Japanese police arrest 12 for Bitcoin (actually yen) fraud
April 18, 2018 by Jon Southurst
Police in Japan’s Tokyo and Hyogo prefectures arrested 12 people in July last year for suspected bitcoin trading fraud. Although touted in the media as a “bitcoin scam,” the real crime involves the use of JPY 200 million ($ 1.86 million) in counterfeit national currencies.
See also: NY Attorney General opens investigation into 13 crypto exchanges
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Fiat currency is rife with fraud
According to local news site Tokyo Reporter, the incident last year involved a $ 190 million in-person Bitcoin trade.
The alleged ringleader Kenta Higashi (24) from Kobe, a fresh produce worker, is said to have initiated the deal by offering the money to a company director in exchange for Bitcoin. An executive agent met the suspects in a hotel lounge in Shibuya, took the cash and arranged for the coins to be transferred.
It was later found that much of the cash was counterfeit. The 12 suspects all plead not guilty – however, Japan has a 99 percent conviction rate in criminal cases that reach a court.
The case points to more risks associated with the use of national fiat currencies as they are obviously easy to forge and reproduce. Aside from the cost of unwittingly receiving counterfeit money, the counterfeit detection business alone is valued at $ 3.11 billion by 2020.
Today’s arrests reflect another incident at a Tokyo hotel in November 2017 when four young men tried to rob an agent of a Bitcoin company at the knife point in Akasaka. In this case, the victim escaped with both his life and bitcoins, and the perpetrators were later arrested.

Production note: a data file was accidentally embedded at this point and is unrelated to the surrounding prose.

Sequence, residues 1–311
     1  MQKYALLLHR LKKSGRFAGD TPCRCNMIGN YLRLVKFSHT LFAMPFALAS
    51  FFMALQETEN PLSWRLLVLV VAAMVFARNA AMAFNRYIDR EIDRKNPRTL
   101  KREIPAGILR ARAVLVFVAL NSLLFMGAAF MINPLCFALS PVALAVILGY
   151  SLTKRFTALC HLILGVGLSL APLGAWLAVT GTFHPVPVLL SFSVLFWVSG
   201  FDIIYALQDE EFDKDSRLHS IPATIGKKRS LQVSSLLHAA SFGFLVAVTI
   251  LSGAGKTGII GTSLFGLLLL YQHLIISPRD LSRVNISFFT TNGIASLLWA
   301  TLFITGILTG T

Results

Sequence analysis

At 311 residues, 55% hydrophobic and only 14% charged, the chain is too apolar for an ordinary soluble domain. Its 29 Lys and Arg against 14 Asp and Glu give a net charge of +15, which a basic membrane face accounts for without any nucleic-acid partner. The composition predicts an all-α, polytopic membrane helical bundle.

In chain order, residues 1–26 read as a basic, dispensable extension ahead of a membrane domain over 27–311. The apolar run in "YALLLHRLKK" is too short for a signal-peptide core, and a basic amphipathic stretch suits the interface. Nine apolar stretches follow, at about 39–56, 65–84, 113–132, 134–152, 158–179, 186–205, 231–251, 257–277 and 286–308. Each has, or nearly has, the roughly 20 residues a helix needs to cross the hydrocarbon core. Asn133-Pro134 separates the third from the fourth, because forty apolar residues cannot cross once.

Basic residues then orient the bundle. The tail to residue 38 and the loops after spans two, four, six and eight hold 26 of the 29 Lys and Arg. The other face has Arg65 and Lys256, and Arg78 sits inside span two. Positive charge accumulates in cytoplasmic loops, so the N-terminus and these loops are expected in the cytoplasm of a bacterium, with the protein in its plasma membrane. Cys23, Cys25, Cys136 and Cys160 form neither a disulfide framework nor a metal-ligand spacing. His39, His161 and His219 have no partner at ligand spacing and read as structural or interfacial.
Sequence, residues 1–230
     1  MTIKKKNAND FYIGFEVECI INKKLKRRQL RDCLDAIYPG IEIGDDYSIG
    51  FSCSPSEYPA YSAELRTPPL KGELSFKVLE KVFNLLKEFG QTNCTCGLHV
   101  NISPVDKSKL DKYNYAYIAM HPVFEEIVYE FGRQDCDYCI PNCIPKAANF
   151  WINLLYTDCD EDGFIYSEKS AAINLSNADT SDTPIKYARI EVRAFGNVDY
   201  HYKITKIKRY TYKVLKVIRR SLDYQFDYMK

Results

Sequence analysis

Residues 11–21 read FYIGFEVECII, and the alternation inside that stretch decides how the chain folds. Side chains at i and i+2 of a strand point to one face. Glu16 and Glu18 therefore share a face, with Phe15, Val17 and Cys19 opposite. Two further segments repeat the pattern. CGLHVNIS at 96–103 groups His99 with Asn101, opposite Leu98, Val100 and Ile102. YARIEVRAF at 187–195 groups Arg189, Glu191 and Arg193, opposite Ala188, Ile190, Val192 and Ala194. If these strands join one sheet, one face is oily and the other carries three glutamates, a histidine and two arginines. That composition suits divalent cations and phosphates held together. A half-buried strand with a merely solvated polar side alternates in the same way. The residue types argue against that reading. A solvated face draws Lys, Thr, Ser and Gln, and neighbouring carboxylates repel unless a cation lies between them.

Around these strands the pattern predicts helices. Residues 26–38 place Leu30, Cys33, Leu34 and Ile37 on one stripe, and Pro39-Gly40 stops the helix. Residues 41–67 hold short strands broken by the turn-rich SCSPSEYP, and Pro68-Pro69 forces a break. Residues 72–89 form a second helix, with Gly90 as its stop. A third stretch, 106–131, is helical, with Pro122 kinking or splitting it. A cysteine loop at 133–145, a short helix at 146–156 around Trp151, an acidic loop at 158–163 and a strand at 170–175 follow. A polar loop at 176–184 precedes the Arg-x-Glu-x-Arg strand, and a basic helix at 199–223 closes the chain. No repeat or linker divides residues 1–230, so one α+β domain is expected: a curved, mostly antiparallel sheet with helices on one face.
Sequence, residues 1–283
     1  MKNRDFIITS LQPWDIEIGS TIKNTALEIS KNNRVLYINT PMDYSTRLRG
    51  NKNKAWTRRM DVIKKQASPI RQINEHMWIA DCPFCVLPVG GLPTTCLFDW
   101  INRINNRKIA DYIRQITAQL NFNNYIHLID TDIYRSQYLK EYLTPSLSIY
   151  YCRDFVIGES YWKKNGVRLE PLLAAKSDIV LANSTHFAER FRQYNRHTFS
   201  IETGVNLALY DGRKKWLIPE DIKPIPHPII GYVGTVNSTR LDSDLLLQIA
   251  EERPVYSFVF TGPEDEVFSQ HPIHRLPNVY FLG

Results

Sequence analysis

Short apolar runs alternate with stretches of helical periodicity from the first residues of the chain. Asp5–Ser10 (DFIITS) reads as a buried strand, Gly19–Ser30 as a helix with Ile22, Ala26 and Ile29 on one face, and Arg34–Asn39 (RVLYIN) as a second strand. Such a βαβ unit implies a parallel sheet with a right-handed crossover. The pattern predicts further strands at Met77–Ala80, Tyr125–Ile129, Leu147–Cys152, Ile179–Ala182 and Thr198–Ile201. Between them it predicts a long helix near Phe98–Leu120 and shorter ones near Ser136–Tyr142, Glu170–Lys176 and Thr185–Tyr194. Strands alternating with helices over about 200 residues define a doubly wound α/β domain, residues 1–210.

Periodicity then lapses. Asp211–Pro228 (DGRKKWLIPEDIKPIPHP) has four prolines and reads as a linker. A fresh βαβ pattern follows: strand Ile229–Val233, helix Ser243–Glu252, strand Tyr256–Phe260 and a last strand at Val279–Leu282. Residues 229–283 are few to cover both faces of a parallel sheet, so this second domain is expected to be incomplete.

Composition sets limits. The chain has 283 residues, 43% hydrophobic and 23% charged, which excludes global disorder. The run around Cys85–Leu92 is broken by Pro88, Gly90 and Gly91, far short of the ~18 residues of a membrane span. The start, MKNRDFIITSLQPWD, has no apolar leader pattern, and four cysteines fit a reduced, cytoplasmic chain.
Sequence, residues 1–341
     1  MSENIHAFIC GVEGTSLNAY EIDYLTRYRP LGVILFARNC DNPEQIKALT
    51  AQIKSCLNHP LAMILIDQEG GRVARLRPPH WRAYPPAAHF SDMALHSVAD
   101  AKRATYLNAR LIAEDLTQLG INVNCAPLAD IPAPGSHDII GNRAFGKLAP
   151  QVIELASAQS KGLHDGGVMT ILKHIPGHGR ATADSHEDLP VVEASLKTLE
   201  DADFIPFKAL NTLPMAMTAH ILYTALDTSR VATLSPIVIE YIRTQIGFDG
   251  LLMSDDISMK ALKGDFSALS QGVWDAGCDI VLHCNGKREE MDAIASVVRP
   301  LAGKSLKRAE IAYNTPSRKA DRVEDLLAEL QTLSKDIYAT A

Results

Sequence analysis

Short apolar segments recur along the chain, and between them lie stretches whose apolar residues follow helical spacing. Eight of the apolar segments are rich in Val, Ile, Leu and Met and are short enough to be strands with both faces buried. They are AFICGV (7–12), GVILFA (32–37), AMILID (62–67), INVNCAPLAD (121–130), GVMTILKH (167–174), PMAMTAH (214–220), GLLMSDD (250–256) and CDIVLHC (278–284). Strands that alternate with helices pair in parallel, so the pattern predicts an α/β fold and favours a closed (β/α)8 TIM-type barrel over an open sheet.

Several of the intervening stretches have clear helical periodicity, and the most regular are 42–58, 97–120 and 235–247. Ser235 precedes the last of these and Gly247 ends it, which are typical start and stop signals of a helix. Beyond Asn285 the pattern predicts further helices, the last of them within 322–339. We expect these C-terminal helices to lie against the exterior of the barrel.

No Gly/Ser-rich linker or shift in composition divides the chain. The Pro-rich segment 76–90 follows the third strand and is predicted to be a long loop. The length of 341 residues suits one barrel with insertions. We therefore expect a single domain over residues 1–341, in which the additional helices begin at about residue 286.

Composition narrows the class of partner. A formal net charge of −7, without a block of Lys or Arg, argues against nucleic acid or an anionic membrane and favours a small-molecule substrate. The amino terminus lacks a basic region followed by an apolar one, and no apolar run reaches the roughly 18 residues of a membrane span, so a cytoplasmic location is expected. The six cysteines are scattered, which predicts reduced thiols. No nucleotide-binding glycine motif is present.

Why Do People Make Risky Cash Crypto Trades?
Trading in Bitcoin (and other cryptocurrencies) in such significant quantities often takes place over the counter or over the counter (OTC). This serves several purposes depending on the situation: It avoids the usual exchange trading fee / commission and avoids a shift in the BTC market price.
OTC or in-person transactions also protect the participants’ privacy from other people and also from the authorities. In this case, the victim reportedly claimed to have consented to the trade in order to avoid fees. However, the $ 93,000 commission was likely a sweetener too.
In-person trading is likely to become increasingly common in Japan as regulations that appear superficially permissible for trading cryptocurrencies introduce a series of monitoring and reporting requirements.
The Japanese government is keen to eradicate theft and money laundering related to Bitcoin and cryptocurrencies, while the country’s tax authority is also keen to get their hands on some of the monetary value generated by crypto trading and investments.
Would you trade Bitcoin OTC or in person? How much and what is safe? Let us know in the comments.
Images via Pixabay, Nagano Prefecture
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